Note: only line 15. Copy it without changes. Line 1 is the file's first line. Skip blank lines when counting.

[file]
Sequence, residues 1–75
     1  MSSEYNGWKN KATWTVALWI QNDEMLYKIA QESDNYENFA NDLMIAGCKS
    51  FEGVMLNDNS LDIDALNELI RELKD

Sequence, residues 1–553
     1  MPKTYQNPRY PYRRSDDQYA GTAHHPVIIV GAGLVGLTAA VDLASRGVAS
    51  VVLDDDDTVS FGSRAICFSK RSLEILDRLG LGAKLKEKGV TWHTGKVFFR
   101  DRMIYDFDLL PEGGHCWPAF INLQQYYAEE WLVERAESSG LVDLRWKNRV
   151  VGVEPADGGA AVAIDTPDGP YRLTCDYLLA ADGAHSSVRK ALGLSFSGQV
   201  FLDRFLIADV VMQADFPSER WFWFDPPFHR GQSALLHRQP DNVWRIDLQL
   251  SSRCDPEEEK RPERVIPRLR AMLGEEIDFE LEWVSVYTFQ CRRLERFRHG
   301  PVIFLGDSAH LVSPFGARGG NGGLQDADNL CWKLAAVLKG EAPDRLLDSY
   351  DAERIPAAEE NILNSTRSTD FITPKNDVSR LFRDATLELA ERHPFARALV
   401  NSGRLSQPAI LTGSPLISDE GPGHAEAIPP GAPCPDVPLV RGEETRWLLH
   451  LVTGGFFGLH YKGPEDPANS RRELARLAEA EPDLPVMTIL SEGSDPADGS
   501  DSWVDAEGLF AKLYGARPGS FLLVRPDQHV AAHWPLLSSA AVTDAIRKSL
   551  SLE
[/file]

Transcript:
   501  DSWVDAEGLF AKLYGARPGS FLLVRPDQHV AAHWPLLSSA AVTDAIRKSL